Penguins Could Face an Uphill Battle by @griffTHW

The Pittsburgh Penguins are the Led Zeppelin of the NHL: blessed with the rarest of talent that most can only dream about, yet, afflicted with more misfortune than many could handle.  And, while an alleged curse brought about the band's hardships, it has been the injury bug that seemingly decimates the Penguins year in and year out.

The latest to fall victim?  Pascal Dupuis.  An apparent knee injury suffered Monday night has the coaching staff hoping the damage isn't too severe but things certainly appeared grim as the winger was helped off the ice.

Time will tell how long Dupuis finds himself on the shelf but, in the meantime, the Pens will have to find a way to overcome the loss of yet another key contributor.


A History of Perseverance

The Penguins have long been a club forced to overcome injuries to key players.  From Mario Lemieux's courageous and improbable return from Hodgkin's Disease to the club overcoming his broken hand in 1992 en route to capturing Pittsburgh's second consecutive Cup,
a precedent has long existed for overcoming adversity in Western Pennsylvania.

Fast forward to the Sidney Crosby Era and you'll find more of the same. 

In Game 7 of the '09 Stanley Cup Finals, for example, Max Talbot's pair of tallies allowed the Pens to overcome a second period injury to their captain in the biggest game of the season. 

In the years that followed, severe injuries to Crosby, Evgeni Malkin and others have threatened entire campaigns.  In fact, Sid has missed a mind-boggling 113 games since the start of the 2010 season while Geno has missed 70 in the same time frame.  Yet, the team has always marched on, finishing no worse than fourth in the East during any of those injury plagued years.

This season, though, the injury bug continues to wreak havoc like never before.  With injuries to Rob Scuderi, Brooks Orpik, Paul Martin, Kris Letang (twice), Evgeni Malkin, James Neal, Beau Bennett, Tanner Glass, Tomas Vokoun, and, most recently, Pascal Dupuis, the Penguins have lost more man games to injury than anyone in the league.  But, despite the loss of their back up goaltender, a former scoring champion and MVP and their top four defensemen, the Penguins amazingly lead the Eastern Conference in points as we enter the Christmas break.

With this latest injury, though, one has to wonder...

Is Dupuis' Injury the Straw that Broke the Camel's Back?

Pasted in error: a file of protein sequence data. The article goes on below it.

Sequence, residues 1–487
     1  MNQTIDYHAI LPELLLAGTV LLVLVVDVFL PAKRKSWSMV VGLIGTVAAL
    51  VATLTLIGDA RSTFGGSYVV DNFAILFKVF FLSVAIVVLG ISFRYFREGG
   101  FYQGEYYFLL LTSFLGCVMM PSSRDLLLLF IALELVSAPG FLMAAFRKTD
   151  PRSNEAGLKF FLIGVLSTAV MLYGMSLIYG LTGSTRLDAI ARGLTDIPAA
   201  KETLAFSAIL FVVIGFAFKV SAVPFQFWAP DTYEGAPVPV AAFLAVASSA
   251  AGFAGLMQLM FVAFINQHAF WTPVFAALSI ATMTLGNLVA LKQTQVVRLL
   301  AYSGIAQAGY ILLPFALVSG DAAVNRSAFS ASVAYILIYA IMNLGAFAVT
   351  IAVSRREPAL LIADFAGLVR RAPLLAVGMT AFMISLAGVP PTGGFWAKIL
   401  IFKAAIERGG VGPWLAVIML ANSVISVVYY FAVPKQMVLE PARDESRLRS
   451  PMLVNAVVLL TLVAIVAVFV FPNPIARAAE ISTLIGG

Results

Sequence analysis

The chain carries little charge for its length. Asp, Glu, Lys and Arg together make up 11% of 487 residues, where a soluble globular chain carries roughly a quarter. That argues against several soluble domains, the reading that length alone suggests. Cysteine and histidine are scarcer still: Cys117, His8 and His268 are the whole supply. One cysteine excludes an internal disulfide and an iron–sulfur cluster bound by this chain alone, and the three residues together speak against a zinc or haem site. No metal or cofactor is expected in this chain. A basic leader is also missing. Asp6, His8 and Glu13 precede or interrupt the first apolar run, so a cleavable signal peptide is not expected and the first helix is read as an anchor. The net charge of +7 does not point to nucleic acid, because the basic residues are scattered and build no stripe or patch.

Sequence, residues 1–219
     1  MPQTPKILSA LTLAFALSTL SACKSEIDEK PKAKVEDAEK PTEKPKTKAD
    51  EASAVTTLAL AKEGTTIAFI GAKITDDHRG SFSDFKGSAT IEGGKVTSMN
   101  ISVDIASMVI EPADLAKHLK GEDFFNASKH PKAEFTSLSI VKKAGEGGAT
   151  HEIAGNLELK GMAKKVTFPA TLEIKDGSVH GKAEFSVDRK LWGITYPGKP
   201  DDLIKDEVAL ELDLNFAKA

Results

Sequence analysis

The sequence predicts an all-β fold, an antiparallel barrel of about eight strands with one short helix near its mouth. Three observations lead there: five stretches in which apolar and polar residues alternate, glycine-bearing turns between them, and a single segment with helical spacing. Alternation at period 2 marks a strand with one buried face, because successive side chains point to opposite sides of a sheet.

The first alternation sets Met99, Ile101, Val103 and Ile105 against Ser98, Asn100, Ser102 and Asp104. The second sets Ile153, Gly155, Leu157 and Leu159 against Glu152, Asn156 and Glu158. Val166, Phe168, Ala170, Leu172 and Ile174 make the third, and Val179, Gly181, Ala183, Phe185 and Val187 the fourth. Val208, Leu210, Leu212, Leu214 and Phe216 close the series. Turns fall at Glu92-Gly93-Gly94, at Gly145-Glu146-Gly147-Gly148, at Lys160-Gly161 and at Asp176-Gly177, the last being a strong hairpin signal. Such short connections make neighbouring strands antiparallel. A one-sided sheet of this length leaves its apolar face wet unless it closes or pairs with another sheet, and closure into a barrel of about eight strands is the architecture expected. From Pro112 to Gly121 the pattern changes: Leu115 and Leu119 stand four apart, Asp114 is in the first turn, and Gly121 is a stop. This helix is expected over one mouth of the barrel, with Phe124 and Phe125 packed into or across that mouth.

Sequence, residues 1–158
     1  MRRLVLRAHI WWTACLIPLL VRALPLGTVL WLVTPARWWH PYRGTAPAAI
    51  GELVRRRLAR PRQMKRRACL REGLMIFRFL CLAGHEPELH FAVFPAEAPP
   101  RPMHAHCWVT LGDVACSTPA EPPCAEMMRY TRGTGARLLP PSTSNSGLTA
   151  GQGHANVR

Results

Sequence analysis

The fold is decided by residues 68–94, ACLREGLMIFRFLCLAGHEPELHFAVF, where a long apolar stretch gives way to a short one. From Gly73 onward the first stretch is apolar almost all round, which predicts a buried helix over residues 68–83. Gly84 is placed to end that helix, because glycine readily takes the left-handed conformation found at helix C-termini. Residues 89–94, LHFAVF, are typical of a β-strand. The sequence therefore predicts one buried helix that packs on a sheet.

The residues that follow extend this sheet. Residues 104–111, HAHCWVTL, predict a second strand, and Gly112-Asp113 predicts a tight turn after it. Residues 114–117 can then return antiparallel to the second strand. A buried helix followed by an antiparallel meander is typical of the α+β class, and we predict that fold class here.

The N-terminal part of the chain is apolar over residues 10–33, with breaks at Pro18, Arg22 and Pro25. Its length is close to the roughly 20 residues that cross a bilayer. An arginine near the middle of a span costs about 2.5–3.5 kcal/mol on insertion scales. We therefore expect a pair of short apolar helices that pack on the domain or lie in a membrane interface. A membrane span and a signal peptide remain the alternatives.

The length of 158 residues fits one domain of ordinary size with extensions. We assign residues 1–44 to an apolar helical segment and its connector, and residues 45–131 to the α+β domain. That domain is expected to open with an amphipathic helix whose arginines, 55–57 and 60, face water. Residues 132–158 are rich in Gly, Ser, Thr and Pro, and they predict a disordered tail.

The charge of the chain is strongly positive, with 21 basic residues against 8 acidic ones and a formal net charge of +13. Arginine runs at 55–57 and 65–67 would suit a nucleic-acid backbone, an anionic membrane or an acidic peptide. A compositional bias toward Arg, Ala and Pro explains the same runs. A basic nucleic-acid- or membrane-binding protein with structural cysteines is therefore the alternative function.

The Penguins have overcome a plethora of injuries thanks in large part to their depth along the blue line and strong play in net.  Sure, it's advantageous that Crosby continues to pace the league in scoring, helping to ensure that Pittsburgh's attack remains one of the most potent on the circuit.  And, no, it doesn't hurt that the Pens own the NHL's second ranked power play (first until an abysmal performance in Ottawa Monday night). 

But it was the adversity overcome by an incredibly green defensive unit that proved paramount to the club's recent hot streak, allowing Pittsburgh to further establish a stranglehold on the Metropolitan Division.  With Matt Niskanen and Olli Maatta anchoring the blue line, the likes of Simon Despres, Robert Bortuzzo, Brian Dumoulin and Philip Samuelsson stepped up to ensure the Penguins remained stingy in their own end.  Indeed, the group's strong play consistently exemplified the incredible depth Ray Shero has brought to the organization's blue line.

A significant injury to Dupuis, however, presents an entirely different situation. The Penguins dont possess the organizational depth at forward that they do along the blue line. Sure, they've overcome injuries to Malkin and Neal but a big part of that perseverance results from others, such as Crosby and Chris Kunitz, stepping up to fill the void of offensive production. 

However, in Dupuis, the Penguins could be missing one of the most versatile players in their lineup, someone who missed only two games since the start of the 2009-'10 campaign. He's a heart and soul player, a beloved teammate who gives every ounce of everything he has during every shift of every game. Not only can he be counted on for roughly 20 goals a year (virtually all of which come at even strength since he doesn't play on the power play) but he's also one of the club's most effective penalty killers. Logging nearly two minutes per game of short handed ice time, Pascal has become a mainstay on the Pens' second ranked penalty killing unit.

Ultimately, Dupuis' blinding speed, tenacity and heart and soul character won't be traits that Dan Bylsma can easily replace. Sure, maybe a Tanner Glass (likely to return to action Friday night) can help soften the blow, at least on the penalty kill. But, if "Duper" finds himself on the shelf for the long haul, Ray Shero may need to look at the trade market to make up for such a significant loss.  Of course, that likely depends on how long Dupuis will be out.

Regardless, replacing Dupuis will present new challenges for a squad already ravaged by injuries.  But, hey, at least it's the type of adversity the Penguins have somehow managed to overcome again and again over the years.
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